The US health care system is the costliest in the world, but underperforms relative to many other industrialized nations, according to a study released Wednesday.
The report by the Commonwealth Fund, a private foundation focused on health, updated its comparison of the US medical care system to those in Australia, Canada, Germany, the Netherlands, New Zealand, and Britain.
The US system "ranks last or next-to-last on five dimensions of a high performance health system: quality, access, efficiency, equity, and healthy lives," the report said.
But the study, an update to three prior reports, noted that newly enacted health reform legislation in the US "will start to address these problems" by extending coverage and helping to close gaps in coverage.
"The most notable way the US differs from other countries is the absence of universal health insurance coverage," it said.
"Health reform legislation recently signed into law by President Barack Obama should begin to improve the affordability of insurance and access to care when fully implemented in 2014.
"Other nations ensure the accessibility of care through universal health insurance systems and through better ties between patients and the physician practices that serve as their long-term 'medical homes.' Without reform, it is not surprising that the US currently underperforms relative to other countries on measures of access to care and equity in health care between populations with above-average and below-average incomes."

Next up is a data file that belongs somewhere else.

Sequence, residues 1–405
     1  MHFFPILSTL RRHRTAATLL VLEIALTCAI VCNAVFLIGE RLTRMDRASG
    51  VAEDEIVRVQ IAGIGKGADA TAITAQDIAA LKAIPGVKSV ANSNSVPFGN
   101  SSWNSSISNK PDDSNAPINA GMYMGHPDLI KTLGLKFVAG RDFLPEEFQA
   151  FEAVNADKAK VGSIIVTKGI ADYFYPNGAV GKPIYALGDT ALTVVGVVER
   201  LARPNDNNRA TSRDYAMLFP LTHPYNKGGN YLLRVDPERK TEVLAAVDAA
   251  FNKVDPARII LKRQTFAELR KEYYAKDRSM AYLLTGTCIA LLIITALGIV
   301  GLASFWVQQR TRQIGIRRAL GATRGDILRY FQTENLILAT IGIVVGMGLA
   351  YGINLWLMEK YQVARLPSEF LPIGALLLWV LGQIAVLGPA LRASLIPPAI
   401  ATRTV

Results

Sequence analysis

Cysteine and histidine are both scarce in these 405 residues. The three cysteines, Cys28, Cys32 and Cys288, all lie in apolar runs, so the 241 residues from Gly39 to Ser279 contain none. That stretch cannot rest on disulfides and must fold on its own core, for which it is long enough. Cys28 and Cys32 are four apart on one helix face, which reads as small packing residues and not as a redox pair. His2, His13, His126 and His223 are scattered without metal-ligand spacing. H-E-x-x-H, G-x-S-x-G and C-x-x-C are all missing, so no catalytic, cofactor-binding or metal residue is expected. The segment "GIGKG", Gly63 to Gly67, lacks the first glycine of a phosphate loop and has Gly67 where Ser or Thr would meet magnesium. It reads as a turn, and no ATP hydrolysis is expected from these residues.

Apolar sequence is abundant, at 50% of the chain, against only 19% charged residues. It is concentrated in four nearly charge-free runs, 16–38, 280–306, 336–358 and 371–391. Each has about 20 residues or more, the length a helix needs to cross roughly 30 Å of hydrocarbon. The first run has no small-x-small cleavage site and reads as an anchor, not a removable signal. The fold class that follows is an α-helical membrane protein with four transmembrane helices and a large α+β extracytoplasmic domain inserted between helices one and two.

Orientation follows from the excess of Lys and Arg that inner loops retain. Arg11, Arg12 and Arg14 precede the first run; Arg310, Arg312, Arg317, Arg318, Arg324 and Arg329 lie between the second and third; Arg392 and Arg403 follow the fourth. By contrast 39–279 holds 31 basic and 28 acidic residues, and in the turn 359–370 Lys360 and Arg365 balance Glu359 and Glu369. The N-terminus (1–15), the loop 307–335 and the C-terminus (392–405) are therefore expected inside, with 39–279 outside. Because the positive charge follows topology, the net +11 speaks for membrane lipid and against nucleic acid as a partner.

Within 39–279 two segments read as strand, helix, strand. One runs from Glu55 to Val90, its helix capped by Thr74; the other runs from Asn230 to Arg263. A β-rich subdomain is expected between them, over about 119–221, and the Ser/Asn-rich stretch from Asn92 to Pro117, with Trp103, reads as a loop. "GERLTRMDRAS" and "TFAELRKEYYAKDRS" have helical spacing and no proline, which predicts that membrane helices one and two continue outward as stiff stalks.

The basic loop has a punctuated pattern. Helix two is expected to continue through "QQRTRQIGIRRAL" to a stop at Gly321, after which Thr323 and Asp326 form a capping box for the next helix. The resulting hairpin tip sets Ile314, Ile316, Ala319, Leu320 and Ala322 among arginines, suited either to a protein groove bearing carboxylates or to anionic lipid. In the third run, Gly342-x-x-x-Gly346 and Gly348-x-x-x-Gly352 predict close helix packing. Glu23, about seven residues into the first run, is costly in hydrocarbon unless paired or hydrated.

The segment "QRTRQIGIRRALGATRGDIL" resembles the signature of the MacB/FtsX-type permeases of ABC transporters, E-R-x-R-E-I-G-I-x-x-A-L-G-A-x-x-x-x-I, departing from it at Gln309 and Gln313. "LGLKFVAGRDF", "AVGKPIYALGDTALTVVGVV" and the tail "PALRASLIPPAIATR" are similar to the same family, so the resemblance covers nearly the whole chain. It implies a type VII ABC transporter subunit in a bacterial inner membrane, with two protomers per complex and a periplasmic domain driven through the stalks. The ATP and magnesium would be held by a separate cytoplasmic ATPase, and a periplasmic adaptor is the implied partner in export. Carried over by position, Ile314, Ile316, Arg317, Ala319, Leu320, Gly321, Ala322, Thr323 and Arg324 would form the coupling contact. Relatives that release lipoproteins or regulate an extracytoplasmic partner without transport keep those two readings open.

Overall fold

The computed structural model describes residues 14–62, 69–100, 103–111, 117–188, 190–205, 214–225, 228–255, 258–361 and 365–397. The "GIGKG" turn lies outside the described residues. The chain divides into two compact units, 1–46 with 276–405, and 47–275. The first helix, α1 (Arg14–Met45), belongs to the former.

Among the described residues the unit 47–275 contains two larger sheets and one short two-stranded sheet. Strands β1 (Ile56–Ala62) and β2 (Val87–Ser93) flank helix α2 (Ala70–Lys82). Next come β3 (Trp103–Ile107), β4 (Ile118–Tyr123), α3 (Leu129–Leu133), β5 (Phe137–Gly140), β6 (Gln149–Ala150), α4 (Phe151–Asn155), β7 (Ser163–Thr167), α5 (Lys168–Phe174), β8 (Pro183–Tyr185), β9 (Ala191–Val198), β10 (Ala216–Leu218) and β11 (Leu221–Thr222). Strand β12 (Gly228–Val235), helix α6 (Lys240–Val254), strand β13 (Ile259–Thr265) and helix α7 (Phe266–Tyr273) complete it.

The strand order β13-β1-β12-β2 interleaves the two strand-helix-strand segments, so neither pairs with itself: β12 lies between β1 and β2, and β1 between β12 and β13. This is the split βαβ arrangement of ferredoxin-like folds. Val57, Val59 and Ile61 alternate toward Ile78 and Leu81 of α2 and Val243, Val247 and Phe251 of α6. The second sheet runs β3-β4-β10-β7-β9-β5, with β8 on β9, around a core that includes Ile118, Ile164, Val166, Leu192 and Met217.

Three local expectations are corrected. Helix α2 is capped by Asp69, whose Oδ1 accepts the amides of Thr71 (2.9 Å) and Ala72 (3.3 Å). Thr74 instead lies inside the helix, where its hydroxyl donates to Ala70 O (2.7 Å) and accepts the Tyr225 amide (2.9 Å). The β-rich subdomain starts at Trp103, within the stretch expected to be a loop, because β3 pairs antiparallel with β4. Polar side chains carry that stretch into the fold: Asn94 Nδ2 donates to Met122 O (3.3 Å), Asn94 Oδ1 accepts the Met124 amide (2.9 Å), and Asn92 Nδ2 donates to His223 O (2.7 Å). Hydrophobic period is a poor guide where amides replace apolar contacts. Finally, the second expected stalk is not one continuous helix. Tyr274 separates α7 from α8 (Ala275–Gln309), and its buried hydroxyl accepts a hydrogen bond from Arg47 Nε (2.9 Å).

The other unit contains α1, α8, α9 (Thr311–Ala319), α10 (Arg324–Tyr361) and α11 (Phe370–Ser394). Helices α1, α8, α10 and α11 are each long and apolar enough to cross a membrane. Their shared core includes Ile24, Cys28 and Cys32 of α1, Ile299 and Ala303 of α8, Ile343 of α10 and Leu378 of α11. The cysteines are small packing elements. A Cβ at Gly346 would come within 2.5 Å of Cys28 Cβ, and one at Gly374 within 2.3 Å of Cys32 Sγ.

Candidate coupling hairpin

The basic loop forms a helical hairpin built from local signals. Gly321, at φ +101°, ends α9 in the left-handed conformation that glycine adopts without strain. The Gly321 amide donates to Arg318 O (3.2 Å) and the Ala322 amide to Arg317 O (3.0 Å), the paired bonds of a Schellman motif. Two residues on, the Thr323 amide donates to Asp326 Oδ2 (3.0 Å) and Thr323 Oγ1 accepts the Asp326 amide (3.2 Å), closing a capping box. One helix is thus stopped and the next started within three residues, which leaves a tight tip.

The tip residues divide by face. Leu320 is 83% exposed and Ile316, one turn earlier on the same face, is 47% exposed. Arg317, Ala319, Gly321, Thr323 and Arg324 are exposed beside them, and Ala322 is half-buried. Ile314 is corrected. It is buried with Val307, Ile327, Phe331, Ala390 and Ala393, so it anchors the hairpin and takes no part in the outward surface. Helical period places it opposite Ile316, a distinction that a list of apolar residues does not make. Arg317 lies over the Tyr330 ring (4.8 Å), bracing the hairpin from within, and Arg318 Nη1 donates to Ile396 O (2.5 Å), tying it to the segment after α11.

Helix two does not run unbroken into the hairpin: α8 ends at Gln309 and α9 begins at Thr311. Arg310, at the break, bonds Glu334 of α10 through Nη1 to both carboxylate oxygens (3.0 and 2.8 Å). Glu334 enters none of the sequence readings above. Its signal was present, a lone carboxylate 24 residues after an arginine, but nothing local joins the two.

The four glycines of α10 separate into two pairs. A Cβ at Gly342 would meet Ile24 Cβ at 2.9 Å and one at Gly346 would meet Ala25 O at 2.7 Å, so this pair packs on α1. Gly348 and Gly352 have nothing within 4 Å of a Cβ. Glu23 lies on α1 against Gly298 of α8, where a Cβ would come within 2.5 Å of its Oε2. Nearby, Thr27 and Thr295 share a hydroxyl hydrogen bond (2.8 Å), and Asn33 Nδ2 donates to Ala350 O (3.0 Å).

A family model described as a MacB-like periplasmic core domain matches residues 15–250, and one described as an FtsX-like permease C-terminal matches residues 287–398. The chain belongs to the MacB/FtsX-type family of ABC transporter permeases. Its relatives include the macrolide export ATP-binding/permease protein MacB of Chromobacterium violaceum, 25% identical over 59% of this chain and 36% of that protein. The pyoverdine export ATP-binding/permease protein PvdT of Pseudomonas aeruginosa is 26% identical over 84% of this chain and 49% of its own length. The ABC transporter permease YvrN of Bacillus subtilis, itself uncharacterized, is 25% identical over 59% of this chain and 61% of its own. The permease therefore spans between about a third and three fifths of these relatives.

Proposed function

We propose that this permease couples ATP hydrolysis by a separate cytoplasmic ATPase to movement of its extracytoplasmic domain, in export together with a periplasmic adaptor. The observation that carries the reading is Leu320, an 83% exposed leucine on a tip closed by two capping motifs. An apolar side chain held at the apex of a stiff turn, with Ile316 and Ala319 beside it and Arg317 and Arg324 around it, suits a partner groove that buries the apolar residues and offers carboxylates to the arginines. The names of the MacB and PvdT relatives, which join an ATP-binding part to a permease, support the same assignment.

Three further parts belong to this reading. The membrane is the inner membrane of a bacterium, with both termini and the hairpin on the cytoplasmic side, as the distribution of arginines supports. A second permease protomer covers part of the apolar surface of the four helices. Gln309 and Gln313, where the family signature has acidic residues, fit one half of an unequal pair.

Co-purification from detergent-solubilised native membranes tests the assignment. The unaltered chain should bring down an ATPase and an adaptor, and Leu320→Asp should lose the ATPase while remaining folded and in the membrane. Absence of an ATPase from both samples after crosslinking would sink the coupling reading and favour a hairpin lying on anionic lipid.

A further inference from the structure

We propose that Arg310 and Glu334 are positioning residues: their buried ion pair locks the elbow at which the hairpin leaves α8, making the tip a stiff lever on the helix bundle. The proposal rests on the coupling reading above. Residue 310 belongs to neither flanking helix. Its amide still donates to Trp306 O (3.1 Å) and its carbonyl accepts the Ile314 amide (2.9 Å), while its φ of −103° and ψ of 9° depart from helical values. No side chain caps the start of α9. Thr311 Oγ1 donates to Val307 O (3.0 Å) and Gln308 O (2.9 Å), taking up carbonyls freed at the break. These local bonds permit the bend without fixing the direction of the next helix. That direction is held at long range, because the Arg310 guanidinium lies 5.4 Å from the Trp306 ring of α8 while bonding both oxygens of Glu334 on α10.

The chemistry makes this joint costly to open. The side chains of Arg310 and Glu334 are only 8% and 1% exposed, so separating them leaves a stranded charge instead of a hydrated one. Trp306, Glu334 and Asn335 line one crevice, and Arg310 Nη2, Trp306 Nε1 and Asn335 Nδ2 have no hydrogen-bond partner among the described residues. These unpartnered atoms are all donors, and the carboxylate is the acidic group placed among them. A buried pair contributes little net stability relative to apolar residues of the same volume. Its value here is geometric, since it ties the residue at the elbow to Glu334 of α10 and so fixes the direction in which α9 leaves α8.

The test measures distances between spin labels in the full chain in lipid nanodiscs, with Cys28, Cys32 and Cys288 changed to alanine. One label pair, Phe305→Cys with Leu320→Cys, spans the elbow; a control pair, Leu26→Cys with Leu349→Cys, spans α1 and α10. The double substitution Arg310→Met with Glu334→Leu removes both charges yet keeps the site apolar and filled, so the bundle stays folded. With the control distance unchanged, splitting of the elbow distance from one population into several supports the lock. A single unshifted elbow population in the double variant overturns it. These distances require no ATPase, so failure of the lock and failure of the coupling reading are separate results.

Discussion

The US health system ranked last in the study on access, patient safety, coordination, efficiency, and equity. The Netherlands ranks first, followed closely by Britain and Australia.
The US system also lags in national policies that promote primary care, quality improvement, and information technology, the report noted, but said that the health reform legislation addresses these deficiencies.
The Fund said that health care costs an average of 7,290 dollars per person in the United States, compared with 3,837 dollars in the Netherlands, 2,992 dollars in Britain and 3,895 dollars in Canada.
Some of the difference stems from high administrative costs in the non-centralized US system, it said: "US health insurance administrative costs as a share of total health spending are 30 percent to 70 percent higher than in countries with mixed private/public insurance systems and three times higher than in countries with the lowest rates."
The new health legislation aims to extend coverage to 32 million Americans without insurance. The law phases in over several years.
The enactment of the US law ended more than a year of intense political battles in Washington over the health bill, which passed Congress despite near unanimous Republican opposition.
But the political row over health care is intensifying, as Obama and his Republican foes fight to define the politically contentious bill for voters, ahead of crucial mid-term congressional elections in November.